Thanks, Greta: ‘Climate Strike’ Is a Word of the Year

2019 is about to wrap, which means dictionaries are choosing their words of the year. For Collins Dictionary, “climate strike” took the prize. Read More >>

Merriam-Webster’s New Tool Tells You Which Words First Appeared in Print the Year You Were Born

In 2018, the Oxford English Dictionary added words like beerfest, jumbotron, modder, antifa, binge-watch, and nothingburger, reflecting the awful, awful times we live in. But have you ever wondered what words officially entered our lexicon the year you were born? Probably not, but it turns out Merriam-Webster’s Time Traveler tool is a fascinating archive of when certain technologies, trends, or pop-culture references came to be. Read More >>

“Binge-watch” is 2015’s Word of the Year

A 200 per cent increase in the use of the term "binge-watch" to describe watching shit-loads of telly all the time has seen it declared Word of the Year, with dictionary maker Collins saying 2015 was the year the phrase went global as even your mum started using it to describe watching the Hollyoaks omnibus. Read More >>

Authors Rage at Oxford Dictionary for Modernising Kids’ Edition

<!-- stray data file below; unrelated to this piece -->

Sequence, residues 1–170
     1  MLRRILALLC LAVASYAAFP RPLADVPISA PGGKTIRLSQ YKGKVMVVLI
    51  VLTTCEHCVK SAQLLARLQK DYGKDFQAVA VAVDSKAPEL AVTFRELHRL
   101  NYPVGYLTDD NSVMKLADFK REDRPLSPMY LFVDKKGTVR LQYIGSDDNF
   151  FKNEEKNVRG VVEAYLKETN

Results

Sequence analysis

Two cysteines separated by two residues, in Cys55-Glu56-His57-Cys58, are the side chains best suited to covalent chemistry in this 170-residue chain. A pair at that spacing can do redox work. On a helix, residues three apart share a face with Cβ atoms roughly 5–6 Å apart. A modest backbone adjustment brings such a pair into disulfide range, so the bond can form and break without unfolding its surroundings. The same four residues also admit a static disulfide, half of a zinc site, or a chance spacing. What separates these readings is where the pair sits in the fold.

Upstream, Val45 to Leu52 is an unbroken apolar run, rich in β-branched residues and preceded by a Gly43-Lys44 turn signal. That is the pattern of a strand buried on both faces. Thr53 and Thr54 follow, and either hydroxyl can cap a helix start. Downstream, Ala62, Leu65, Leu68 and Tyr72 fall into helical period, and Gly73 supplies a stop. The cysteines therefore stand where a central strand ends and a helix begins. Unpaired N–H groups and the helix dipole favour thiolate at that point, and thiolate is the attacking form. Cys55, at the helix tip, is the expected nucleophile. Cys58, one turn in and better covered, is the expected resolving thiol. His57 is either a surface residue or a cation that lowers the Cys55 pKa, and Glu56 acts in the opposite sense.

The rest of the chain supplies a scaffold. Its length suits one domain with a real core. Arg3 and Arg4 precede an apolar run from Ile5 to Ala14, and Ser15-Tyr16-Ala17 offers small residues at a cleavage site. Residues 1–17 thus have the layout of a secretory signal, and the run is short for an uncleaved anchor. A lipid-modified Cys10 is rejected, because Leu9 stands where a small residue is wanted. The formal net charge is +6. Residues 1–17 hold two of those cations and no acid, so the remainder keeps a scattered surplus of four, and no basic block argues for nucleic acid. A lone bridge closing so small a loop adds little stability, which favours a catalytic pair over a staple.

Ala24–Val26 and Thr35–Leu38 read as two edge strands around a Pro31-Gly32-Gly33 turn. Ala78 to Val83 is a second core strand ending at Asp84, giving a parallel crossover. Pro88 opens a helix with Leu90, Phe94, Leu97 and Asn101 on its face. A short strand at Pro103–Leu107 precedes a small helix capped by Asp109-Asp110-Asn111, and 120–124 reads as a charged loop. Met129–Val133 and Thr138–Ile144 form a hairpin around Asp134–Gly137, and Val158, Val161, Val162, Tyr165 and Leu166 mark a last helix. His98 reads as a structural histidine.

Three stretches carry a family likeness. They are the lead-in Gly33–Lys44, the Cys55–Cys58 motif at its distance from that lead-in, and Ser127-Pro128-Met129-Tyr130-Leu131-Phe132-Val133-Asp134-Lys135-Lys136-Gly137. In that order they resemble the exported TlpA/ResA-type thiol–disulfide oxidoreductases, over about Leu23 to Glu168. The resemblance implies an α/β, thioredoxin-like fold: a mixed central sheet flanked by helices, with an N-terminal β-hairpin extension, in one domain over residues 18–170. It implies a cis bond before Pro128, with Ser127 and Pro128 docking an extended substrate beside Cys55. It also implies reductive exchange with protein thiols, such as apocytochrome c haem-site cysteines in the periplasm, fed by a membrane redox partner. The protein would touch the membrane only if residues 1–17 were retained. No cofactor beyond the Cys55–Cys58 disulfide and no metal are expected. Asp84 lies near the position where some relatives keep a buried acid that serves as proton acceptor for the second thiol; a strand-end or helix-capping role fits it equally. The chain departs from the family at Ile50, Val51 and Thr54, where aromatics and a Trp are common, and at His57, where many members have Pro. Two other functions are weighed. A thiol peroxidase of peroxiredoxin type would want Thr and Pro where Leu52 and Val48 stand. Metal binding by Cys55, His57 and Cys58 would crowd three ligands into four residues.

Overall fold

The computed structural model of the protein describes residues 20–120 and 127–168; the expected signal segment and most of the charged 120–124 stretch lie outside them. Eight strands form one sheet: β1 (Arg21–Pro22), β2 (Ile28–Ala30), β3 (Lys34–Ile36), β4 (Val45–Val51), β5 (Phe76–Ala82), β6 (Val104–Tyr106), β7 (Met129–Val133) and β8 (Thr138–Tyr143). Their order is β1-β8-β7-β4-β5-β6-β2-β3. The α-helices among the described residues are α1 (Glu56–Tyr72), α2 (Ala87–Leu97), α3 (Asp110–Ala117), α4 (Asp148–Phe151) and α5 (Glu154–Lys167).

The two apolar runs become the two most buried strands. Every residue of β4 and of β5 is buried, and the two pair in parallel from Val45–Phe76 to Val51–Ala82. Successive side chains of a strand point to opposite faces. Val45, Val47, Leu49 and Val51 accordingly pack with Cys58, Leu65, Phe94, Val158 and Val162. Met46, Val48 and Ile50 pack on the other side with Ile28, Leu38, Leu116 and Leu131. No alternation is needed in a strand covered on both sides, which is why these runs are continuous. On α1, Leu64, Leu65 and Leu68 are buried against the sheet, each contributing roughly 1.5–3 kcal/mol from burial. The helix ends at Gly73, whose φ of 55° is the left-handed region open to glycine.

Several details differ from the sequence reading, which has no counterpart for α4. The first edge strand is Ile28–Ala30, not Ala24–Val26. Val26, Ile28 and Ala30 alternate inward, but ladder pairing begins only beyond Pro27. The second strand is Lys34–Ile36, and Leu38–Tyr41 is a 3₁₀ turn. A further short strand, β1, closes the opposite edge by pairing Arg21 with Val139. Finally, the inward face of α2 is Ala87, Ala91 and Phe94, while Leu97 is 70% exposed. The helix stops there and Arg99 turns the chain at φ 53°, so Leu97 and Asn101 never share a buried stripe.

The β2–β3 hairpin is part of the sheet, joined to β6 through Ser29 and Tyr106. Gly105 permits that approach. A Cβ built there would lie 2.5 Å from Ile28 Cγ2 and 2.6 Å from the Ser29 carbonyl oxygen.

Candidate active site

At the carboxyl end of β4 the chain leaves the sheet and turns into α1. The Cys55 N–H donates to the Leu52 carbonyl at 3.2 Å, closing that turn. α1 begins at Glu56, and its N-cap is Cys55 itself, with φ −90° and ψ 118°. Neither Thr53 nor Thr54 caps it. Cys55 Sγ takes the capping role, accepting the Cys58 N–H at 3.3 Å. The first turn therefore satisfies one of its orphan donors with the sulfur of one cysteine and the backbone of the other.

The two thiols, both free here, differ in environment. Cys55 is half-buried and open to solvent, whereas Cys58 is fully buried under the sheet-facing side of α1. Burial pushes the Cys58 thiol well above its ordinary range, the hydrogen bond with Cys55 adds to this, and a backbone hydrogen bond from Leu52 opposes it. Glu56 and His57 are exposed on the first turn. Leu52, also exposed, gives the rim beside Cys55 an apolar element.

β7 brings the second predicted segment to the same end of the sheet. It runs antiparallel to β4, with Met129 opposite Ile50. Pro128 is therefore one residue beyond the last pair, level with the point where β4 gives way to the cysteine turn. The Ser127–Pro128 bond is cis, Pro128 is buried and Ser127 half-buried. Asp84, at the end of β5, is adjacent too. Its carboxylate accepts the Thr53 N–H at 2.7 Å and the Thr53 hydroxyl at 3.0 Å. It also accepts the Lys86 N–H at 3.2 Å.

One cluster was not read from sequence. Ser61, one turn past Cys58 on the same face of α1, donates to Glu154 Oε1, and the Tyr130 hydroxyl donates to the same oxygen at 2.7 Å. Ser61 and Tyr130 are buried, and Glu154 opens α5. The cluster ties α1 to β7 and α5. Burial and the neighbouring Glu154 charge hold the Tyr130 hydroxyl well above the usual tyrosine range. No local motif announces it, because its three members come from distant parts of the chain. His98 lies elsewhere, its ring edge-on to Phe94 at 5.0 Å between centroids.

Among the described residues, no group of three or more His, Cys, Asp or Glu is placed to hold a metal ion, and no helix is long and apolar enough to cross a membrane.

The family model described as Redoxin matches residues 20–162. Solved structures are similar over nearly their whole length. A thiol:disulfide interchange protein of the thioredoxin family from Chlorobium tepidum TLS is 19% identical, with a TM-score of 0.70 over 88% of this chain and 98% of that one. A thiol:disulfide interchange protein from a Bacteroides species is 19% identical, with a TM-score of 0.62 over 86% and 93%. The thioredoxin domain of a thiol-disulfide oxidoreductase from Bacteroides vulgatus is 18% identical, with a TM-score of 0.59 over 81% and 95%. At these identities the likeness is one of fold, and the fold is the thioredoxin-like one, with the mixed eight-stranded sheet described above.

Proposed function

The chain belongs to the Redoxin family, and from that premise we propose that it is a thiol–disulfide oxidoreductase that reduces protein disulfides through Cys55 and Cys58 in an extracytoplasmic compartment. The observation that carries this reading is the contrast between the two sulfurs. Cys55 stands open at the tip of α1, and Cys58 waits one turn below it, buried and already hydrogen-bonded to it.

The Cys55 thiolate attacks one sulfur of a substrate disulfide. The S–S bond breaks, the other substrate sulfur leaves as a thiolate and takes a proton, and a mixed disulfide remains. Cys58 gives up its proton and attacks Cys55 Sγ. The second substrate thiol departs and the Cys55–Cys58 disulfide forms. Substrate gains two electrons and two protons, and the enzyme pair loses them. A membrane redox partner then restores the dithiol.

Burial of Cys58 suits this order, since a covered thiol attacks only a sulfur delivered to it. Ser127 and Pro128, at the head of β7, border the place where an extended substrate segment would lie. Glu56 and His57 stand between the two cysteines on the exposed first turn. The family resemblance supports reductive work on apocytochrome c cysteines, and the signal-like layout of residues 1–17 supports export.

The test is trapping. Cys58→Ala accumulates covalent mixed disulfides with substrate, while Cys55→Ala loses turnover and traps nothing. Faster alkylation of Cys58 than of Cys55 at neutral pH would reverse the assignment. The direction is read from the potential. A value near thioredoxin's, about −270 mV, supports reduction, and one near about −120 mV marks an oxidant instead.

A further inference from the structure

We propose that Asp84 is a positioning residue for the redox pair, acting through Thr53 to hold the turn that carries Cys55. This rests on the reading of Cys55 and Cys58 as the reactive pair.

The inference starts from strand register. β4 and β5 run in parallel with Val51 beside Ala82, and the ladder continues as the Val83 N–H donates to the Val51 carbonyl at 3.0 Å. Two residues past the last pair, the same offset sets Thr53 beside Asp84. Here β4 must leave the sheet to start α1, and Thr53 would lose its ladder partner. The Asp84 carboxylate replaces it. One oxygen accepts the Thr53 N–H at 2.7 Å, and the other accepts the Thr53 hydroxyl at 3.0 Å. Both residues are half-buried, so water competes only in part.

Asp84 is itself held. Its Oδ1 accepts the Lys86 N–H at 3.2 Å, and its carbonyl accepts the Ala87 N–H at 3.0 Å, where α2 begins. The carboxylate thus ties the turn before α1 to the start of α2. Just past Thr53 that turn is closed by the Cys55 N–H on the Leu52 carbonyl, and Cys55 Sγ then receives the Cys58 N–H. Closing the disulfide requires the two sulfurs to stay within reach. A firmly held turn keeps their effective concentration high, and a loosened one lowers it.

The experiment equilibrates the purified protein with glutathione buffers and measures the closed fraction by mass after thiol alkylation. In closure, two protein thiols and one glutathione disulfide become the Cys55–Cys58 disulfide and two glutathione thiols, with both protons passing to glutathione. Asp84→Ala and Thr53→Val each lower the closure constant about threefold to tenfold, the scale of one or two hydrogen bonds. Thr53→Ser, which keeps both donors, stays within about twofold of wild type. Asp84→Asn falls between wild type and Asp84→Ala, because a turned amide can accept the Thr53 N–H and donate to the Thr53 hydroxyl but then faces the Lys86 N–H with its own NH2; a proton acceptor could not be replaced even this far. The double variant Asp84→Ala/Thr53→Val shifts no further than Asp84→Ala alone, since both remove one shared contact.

Around 50 boring old words to do with trees and nature and stuff have been chopped from the latest Junior Edition of the Oxford Dictionary, with the resulting modern mess binning "catkin" to make way for "cut and paste" and losing "clover" so there's room for "broadband". Read More >>

I Really Want a Giant Unabridged Oxford English Dictionary and I Don’t Care

Does a 16kg dictionary count as a gadget? I don't know. I don't know. The Oxford English Dictionary is useless. It serves no practical purpose, is devoid of any remnant of meaningful utility, is obsolete, is a 19th century relic compiled over decades during which the whole of the Transcontinental Railroad was built and John Henry dropped dead, replaced by the steam engine, and an iPhone app. Yet doesn't 22,000 pages of words about words sound fun? Read More >>

Twitter Tweeting Added to Oxford English Dictionary as it “Seems to be Catching on”

The word "tweet" has been around for quite some time, as it historically refers to that whistling sound some birds do. However, the Oxford English Dictionary is now adding it as a noun and verb, describing it as meaning "to post (a message, item of information, etc.) on Twitter." Read More >>

Oxford English Dictionary Editor’s Secret Rampage to Remove Foreign Words

A former editor of the Oxford English Dictionary staged a bizarre secret battle on foreign words over many years, deleting thousands of them from OED supplements -- and blaming his predecessors for the linguistic vandalism. Read More >>

Picture Dictionary Replaces Definitions With the First Image Returned From a Google Search

It won't help you improve your vocabulary, but Ben West and Felix HeyesGoogle dictionary will keep you up to speed on internet fads and memes. That's because instead of definitions, the book's pages are populated with Google Image search results. Read More >>